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Financial Challenge for China:
Currency at High vs. Dollar

Dec. 29, 2006 (EIRNS)—Due to China's huge trade surplus against the United States, the Chinese currency, the renminbi (RMB), was at a record high of 7.808 against the U.S. dollar today. This was the seventh record high of the RMB this month. The value of the RMB against the dollar is up almost 3.86% since China revalued the RMB in July 2005.

As of November, China's trade surplus was $156.521 billion, up 42% over last year. The People's Bank of China has had to issue more RMB to buy excess foreign exchange. The Xinhua news agency reported that the huge influx of foreign exchange is responsible for about one-third of China's money supply.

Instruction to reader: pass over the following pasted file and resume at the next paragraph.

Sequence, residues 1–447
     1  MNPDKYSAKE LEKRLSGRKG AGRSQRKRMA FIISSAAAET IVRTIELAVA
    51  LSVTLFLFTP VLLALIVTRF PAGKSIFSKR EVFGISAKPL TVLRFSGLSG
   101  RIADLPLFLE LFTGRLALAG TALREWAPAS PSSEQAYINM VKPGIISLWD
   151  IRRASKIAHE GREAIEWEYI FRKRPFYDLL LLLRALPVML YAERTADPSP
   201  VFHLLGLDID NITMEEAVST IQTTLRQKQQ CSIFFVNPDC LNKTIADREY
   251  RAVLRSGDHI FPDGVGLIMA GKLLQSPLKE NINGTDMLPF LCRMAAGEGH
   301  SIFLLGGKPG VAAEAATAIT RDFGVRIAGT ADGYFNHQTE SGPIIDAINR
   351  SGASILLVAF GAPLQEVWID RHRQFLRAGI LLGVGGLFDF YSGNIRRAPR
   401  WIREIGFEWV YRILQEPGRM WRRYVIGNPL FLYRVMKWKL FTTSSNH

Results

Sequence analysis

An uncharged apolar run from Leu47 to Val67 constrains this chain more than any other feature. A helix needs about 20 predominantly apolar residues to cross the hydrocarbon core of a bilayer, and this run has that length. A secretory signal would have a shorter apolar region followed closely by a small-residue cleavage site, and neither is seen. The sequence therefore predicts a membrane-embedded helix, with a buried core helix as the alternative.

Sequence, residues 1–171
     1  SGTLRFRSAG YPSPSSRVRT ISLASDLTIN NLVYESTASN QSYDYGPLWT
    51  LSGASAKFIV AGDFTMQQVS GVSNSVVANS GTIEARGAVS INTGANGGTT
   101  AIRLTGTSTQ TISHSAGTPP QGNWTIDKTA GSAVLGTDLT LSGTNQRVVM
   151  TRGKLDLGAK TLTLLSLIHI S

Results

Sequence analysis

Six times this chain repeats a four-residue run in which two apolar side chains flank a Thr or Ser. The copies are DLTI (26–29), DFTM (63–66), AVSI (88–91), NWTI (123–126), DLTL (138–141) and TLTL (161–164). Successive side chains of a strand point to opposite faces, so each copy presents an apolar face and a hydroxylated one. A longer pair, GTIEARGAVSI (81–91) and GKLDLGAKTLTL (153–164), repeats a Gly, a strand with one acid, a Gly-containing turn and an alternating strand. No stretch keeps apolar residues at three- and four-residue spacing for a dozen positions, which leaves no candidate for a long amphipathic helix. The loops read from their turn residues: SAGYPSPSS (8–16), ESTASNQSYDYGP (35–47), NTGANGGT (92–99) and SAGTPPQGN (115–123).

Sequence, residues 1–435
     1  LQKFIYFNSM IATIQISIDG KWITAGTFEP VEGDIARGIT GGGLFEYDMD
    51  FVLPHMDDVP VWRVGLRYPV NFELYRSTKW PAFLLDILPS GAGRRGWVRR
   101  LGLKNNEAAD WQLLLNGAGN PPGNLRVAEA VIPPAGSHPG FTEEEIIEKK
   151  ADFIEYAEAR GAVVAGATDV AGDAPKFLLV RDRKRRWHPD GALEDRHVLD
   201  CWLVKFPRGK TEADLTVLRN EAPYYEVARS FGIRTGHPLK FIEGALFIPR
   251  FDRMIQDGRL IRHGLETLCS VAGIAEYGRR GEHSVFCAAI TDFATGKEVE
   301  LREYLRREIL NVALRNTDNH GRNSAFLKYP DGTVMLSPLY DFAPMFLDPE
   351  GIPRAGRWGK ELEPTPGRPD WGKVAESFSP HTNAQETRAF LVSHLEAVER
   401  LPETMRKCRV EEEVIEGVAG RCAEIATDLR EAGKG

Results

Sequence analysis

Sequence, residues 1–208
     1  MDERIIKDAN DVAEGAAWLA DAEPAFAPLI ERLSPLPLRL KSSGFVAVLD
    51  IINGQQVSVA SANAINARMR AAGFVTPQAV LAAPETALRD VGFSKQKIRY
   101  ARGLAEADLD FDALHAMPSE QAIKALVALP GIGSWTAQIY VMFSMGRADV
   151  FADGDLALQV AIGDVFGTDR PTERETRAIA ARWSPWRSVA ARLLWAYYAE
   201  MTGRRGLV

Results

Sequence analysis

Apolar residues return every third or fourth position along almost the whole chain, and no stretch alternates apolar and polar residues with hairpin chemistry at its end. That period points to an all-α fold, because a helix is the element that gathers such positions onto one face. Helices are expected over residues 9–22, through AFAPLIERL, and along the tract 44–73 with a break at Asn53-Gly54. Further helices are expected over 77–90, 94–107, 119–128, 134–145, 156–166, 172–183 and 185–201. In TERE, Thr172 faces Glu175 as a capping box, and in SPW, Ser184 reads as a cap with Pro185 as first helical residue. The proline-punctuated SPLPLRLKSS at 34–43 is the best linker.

China's banks are also facing internal problems. RMB savings deposits exceeded loans by 11 trillion yuan ($1.41 trillion) in November, with the loan/savings ratio at a record low of 66.74%, according to the People's Bank of China. This is up from a margin of 9 trillion RMB in January. With savings increasing rapidly, banks are finding it difficult to lend effectively. The Chinese goverment has established a policy of restricting investment in local construction or other projects, in order to attempt to prevent real estate or other bubbles. However, the banks are now under pressure to pay interest on the savings deposits, and the huge gap between loans and deposits could pressure the commercial banks again loosen credit. There is also the potential that these funds would flow into the stock or securities markets, making the problem of excess liquidity worse.

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